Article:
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Signs of Stalling in U.S. Shale Oil Production Growth

Signs of Stalling in U.S. Shale Oil Production Growth

Apr 18, 2024

Signs of Stalling in U.S. Shale Oil Production Growth

Oilfield service veteran David Messler suggested last month that oil production in the U.S. shale patch could be nearing its peak, potentially leading to a plateau in the near future. This perspective aligns with the U.S. Energy Information Administration's (EIA) forecast of a modest 16,000 barrels per day (bpd) increase in shale oil production for May 2023, which would bring total output to approximately 9.86 million barrels daily.

The context for this potential turning point in shale output comes amid geopolitical tensions, specifically following Iran's missile attack on Israel. Despite the severity of the attack, oil prices experienced only a minor increase. Analysts believe that the market's reaction was subdued partly due to the quick de-escalation of the situation, and partly because of the current expectations of U.S. shale oil supply.

The EIA's recent report noted an unusual rise in the number of drilled but uncompleted wells (DUCs) in March, the first increase in a year, suggesting a possible reluctance among drillers to push for production growth despite West Texas Intermediate (WTI) crude prices nearing $90 per barrel. The EIA had previously indicated a slower pace of output growth for 2023 compared to the previous year, and the latest figures seem to support this forecast.

David Messler, citing factors such as accelerated decline rates for shale wells and a surge in oil space acquisition deals, supports the notion that shale production may be facing a slowdown. Additionally, industry executives mentioned by Reuters have expressed a lack of incentive for robust production growth, attributing this to gas prices and rising costs.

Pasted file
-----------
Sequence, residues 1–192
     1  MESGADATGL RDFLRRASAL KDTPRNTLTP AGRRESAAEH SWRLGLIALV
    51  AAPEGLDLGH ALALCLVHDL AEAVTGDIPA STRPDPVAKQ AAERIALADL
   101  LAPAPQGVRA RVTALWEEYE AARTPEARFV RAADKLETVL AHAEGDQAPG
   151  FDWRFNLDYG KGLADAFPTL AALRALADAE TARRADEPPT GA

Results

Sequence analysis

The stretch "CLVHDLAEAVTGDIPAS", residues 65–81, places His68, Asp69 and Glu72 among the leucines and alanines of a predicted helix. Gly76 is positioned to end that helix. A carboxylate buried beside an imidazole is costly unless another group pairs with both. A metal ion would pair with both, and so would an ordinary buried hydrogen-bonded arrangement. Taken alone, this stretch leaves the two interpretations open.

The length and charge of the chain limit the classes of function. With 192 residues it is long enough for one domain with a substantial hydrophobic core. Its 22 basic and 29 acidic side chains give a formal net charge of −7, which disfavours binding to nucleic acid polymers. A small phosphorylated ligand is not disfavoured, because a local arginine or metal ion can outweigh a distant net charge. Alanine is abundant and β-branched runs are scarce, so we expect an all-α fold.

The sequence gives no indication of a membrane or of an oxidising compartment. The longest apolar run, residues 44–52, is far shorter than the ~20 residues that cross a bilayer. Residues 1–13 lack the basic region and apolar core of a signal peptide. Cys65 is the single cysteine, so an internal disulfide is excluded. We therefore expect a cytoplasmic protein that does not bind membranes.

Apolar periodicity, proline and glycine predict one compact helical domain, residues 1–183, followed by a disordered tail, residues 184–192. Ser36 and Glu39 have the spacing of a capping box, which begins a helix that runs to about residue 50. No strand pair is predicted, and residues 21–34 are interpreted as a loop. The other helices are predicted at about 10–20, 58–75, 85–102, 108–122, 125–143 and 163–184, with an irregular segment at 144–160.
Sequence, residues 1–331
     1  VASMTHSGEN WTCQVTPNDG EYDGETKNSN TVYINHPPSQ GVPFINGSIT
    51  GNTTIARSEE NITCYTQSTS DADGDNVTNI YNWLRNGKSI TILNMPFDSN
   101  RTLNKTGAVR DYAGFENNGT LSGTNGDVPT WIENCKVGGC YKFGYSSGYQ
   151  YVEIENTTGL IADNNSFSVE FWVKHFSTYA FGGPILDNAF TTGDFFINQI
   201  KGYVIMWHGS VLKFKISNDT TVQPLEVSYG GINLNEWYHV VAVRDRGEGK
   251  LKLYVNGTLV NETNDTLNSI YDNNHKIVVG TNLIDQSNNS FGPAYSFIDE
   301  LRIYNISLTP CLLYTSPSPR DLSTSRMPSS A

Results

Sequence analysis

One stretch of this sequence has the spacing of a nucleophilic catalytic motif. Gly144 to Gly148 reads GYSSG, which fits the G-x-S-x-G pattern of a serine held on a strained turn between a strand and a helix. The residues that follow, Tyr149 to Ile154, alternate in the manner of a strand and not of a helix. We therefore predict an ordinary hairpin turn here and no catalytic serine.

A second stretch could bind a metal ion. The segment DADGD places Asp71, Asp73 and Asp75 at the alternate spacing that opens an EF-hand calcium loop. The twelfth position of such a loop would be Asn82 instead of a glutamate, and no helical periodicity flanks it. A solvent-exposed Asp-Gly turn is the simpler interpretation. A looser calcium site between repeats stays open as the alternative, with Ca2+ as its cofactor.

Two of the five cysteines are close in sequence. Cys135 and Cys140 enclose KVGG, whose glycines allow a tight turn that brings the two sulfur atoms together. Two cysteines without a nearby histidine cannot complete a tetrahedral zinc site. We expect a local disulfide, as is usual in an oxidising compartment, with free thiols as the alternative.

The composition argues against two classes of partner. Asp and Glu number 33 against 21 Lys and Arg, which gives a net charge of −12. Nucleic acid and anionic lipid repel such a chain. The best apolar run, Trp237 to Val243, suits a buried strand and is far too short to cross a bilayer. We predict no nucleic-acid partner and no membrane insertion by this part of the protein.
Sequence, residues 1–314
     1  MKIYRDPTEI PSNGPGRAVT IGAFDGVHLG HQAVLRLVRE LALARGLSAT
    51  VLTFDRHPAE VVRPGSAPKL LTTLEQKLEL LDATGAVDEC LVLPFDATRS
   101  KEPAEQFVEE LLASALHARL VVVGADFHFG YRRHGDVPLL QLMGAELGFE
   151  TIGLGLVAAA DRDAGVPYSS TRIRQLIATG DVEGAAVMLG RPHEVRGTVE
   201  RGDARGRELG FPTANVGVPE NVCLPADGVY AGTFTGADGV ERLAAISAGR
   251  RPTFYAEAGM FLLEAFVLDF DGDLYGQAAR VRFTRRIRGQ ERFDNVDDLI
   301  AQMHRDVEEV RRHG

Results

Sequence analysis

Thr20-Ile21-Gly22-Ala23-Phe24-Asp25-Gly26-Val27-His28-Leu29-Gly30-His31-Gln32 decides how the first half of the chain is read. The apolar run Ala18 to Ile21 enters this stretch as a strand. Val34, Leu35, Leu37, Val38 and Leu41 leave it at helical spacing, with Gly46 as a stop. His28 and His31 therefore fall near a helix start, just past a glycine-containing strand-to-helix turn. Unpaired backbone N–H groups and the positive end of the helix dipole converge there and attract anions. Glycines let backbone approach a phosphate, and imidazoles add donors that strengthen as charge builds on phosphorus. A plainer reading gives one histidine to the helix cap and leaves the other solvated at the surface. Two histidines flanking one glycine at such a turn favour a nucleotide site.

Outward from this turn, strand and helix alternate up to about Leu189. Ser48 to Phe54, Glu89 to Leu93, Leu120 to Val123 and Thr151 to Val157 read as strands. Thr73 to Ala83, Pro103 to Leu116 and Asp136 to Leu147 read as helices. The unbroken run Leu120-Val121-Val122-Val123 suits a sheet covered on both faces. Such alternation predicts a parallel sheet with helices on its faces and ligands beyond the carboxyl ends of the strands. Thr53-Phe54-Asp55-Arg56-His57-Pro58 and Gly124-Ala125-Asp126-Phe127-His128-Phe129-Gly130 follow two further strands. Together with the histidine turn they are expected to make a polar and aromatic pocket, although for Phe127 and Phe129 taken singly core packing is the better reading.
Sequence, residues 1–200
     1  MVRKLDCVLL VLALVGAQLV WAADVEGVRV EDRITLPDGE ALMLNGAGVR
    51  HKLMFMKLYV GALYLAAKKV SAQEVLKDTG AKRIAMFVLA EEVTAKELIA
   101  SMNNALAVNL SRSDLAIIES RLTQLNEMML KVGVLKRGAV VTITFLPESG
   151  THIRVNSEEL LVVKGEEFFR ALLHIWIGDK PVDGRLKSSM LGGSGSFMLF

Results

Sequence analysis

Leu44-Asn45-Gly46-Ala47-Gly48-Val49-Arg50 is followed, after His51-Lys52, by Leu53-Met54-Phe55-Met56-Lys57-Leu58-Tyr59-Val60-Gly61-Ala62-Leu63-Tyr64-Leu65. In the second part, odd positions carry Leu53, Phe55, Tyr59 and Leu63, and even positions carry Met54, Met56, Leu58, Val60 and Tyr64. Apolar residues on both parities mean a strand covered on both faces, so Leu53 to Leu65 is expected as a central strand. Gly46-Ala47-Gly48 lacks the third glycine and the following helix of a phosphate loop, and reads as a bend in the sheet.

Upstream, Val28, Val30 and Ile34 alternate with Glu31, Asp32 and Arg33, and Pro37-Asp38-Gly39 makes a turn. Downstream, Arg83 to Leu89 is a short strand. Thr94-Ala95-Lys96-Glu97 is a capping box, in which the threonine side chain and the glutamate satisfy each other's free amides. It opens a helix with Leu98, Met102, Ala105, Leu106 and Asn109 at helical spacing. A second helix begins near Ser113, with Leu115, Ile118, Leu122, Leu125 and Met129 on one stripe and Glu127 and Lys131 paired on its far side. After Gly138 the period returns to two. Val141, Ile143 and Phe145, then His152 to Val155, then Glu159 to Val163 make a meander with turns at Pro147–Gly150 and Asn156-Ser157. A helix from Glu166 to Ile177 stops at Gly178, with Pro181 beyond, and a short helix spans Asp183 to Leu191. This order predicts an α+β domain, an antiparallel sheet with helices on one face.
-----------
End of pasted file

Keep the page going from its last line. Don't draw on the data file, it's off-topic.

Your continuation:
The EIA and independent analytics firm Enverus have both projected modest increases in U.S. crude oil output for the year, with figures of 260,000 bpd and 230,000 bpd, respectively. These estimates fall significantly short of the 1-million-bpd growth seen in 2023.

Oil prices, traditionally influenced by Middle Eastern geopolitical events, are currently being buffered by the confidence in U.S. shale oil supply. However, as growth in shale output slows, perceptions of global oil supply adequacy may shift, potentially leading to price changes later in the year.

David Buckland, an adviser for Engine AI and former Citigroup chief equity strategist, noted in an opinion piece for the Financial Times that geopolitical events now have a diminished impact on international prices due to U.S. shale. He contends that a realignment of expectations regarding the unending growth of U.S. shale oil supply could have significant repercussions.

As it stands, the oil market is at a potential inflection point, with the forthcoming months likely to clarify the future trajectory of U.S. shale production and its broader implications for global oil supply and prices.

EIA Report

OilPrice Article


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